Get your full text copy in PDF
Jacek Zielinski, Radoslaw Jaworski, Irmina Smietanska, Ninela Irga, Maria Wujtewicz, Janusz Jaskiewicz
Med Sci Monit 2011; 17(10): CR589-597
Background: In this prospective, randomized, placebo-controlled, double-blinded clinical trial we tested the hypothesis that preemptive analgesia with bupivacaine applied in the area of the surgical incision in patients undergoing mastectomy for breast cancer would reduce post-operative acute pain and would reduce the amount of analgesics used during surgery and in the post-operative period.
Material/Methods: Participants were assigned into 1of 2 groups – with bupivacaine applied in the area of surgical incision or with placebo. We assessed the intraoperative consumption of fentanyl, the postoperative consumption of morphine delivered using a PCA method, and the subjective pain intensity according to VAS score reported by patients in the early post-operative period.
Results: Out of 121 consecutive cases qualified for mastectomy, 112 women were allocated randomly to 1 of 2 groups – group A (bupivacaine) and group B (placebo). The final study group comprised 106 breast cancer cases. Between the groups, a statistically significant difference was observed with respect to: lower fentanyl consumption during surgery (p=0.011), lower morphine (delivered by means of a PCA) consumption between the 4–12th postoperative hours (p=0.02) and significantly lower pain intensity assessed according to VAS score at the 4th and 12th hours after surgery (p=0.004 and p=0.02 respectively) for the group A patients.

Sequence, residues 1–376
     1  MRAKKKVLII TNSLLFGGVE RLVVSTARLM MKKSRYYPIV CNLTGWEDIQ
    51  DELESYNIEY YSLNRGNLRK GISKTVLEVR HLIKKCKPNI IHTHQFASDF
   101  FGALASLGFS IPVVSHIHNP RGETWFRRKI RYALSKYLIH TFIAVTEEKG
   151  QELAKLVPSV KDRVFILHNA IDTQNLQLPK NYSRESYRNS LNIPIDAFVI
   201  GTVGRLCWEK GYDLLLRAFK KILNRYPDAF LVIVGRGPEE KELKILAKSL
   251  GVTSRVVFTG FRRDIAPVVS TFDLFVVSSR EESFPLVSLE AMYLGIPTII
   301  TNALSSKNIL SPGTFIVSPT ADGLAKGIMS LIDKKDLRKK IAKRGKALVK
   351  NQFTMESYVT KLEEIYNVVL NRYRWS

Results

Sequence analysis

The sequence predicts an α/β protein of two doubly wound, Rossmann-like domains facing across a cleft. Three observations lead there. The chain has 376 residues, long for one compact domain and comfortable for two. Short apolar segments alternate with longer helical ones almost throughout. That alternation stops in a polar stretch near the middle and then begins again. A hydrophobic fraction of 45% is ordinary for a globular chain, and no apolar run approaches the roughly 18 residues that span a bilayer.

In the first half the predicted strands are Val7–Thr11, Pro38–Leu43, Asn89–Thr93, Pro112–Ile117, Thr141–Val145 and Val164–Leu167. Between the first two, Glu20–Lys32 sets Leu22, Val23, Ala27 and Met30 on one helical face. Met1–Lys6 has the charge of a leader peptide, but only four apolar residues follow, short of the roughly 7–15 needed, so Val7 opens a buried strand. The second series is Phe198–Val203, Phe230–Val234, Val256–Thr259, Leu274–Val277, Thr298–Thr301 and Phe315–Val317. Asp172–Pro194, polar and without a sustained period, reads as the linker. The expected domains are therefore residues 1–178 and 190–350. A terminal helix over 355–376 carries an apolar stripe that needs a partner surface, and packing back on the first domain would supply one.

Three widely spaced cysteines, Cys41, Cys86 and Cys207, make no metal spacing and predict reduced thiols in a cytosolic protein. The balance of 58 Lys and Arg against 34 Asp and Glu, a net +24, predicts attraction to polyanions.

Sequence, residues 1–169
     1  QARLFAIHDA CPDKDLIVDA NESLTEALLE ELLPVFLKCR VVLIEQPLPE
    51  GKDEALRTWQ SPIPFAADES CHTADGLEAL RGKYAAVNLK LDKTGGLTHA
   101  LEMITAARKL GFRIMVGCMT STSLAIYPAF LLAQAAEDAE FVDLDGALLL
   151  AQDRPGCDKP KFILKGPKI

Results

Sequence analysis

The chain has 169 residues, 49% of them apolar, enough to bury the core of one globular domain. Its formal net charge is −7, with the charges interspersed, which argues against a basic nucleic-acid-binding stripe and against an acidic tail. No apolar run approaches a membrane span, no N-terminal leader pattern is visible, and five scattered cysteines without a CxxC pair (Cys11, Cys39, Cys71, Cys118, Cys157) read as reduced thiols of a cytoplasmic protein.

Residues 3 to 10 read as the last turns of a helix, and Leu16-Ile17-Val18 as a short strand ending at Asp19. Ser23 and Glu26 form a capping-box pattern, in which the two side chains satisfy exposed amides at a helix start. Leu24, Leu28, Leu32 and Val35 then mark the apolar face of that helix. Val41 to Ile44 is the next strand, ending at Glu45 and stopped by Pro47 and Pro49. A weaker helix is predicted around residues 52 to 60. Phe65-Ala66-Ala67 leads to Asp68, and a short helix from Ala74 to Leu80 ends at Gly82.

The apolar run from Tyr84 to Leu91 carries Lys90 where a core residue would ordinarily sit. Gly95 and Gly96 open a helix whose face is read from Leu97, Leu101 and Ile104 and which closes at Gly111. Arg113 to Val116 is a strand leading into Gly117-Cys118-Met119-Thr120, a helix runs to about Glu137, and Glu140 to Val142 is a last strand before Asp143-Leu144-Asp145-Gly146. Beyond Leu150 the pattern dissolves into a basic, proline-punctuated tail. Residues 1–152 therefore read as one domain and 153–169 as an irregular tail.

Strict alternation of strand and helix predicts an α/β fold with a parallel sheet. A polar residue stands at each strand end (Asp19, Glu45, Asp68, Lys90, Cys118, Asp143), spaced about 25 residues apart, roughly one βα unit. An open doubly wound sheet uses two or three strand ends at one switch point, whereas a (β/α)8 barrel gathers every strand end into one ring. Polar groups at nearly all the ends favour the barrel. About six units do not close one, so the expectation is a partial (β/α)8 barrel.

Conclusions: Preemptive analgesia application in the form of infiltration of the area of planned surgical incisions with bupivacaine in breast cancer patients undergoing mastectomy decreases post-operative pain sensation, limits the amount of fentanyl used during surgery, and reduces the demand for opiates in the hours soon after surgery.